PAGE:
Valuation-Informed Indexing #60: We Need Higher Commissions on Non-Stock Investment Classes

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by Rob Bennett

Say that the percentage of your return on a Certificate of Deposit (CD) paid to the bank at which you purchased the CD was to be doubled. Would you consider that good news?

My guess is that your first reaction is that this would be very bad news indeed. The CD would pay the same return. You would earn less. The bank would earn more. How could this possibly be a good thing for you?

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I believe it would be a good thing for you.

The people who sell us things respond to incentives. They naturally want to earn as much as possible. When they get paid far more for pushing one asset class than they do for pushing others, that one asset class gets promoted very heavily. The imbalance in the investing “advice” we all hear can over time cause big financial problems for all of us.

The commission paid on stock transactions is higher than the commission paid on CD transactions. That’s one of the reasons why so many investing experts tell us that stocks are always the best asset class for the long run. If the commission paid on CDs was higher than the commission paid on stocks, I am confident that it would be the other way around. You would be hearing from every web site you visited how all the academic research shows that you should invest a tiny percentage of your money in stocks and should be sure always to invest most of it in those wonderful CDs.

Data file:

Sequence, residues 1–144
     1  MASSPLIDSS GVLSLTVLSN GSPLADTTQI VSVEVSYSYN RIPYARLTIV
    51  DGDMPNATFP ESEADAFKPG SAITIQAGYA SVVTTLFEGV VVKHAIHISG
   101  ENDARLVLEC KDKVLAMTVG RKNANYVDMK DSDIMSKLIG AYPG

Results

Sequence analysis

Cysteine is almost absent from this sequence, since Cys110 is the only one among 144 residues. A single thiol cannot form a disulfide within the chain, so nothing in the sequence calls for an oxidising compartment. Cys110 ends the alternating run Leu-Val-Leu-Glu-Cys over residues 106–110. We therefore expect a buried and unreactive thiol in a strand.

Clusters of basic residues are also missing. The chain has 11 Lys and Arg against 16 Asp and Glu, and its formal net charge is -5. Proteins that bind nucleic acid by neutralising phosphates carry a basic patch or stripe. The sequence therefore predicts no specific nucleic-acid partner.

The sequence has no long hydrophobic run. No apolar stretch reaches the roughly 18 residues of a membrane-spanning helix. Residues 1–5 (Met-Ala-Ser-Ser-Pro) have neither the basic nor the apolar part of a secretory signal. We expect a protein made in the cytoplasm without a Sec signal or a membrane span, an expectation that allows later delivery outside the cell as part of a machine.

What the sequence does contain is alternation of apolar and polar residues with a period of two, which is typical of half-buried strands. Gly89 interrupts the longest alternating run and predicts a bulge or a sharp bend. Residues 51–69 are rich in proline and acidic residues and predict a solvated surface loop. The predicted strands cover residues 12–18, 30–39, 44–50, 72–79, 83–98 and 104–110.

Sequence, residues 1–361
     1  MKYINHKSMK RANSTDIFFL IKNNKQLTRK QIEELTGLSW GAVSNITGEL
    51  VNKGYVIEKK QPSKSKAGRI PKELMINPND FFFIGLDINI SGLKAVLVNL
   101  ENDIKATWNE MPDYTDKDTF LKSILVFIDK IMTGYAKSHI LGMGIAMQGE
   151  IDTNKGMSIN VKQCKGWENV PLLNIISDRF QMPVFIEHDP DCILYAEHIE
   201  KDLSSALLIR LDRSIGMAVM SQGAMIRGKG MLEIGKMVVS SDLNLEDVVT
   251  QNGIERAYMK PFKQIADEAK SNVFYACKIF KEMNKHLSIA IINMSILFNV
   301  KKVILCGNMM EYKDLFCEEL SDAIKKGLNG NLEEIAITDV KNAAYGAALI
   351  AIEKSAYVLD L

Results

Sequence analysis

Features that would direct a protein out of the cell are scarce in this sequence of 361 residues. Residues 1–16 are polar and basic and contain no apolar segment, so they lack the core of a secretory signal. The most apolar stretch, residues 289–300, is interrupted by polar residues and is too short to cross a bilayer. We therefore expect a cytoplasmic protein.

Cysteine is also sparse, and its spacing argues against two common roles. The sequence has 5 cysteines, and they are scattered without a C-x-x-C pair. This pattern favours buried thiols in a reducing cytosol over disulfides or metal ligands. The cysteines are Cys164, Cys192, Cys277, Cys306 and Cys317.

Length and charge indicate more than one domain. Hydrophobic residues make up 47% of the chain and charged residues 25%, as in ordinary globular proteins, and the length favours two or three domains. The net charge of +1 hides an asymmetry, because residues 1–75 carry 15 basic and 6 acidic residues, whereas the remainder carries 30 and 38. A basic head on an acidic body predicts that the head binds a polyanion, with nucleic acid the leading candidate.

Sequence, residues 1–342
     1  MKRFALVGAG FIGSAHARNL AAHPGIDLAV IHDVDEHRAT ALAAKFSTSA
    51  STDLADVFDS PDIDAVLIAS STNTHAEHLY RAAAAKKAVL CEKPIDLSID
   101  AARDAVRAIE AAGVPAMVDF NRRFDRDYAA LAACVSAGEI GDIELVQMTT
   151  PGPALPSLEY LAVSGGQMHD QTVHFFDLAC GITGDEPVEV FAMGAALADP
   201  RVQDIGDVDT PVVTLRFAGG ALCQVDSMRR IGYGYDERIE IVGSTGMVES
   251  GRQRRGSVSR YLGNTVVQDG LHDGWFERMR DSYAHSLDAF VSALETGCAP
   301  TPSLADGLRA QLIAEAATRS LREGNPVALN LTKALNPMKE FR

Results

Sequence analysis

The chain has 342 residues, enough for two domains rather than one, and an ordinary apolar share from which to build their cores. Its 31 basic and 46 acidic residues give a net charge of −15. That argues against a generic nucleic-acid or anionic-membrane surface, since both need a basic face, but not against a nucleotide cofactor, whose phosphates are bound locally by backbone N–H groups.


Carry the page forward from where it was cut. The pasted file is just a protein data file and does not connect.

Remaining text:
We don’t need to go that far. There really is research showing that in ordinary circumstances stocks offer the better long-term value proposition. So we don’t want to slant things in favor of CDs. But we do need to take steps to see that middle-class investors are able to gain access to investing advice a whole big bunch more balanced than what was being pushed on us during the Buy-and-Hold Era. The best way to do that is to alter the financial incentives that apply for those providing the investing advice.

I recall the day when I visited my bank with the intent of putting a good percentage of my retirement money into IBonds. I had performed a regression analysis on the historical stock-return data to determine that the long-term return on stocks purchased at the then-prevailing prices was likely to be a very low number, perhaps even a negative number. I didn’t want my money tied up in an high-risk asset class paying a poor long-term return and IBonds were at the time paying a government-guaranteed return of 3.5 percent real. All I needed was someone to bring me the papers to sign.

It was not a particularly easy task to find such a person.

The first person I asked assured me that there was someone at the bank who could handle that and then disappeared. The second person said he would need to check whether the bank was able to handle that sort of transaction. The third person said that she would need to check something out with a higher-up and that I would need to be a little patient. Could I possibly come back on another day?

No, I told her, it wouldn’t be convenient for me to come back another day. Off she went looking for someone to whom to hand the short straw.

As I waited, I looked at the walls. There were advertisements for stock investing services visible before me in every direction I turned. The desks were cluttered with pretty brochures describing all the wonderful things the back could do for me if only I could be persuaded to put my retirement money in the asset class likely to pay a lower return than IBonds.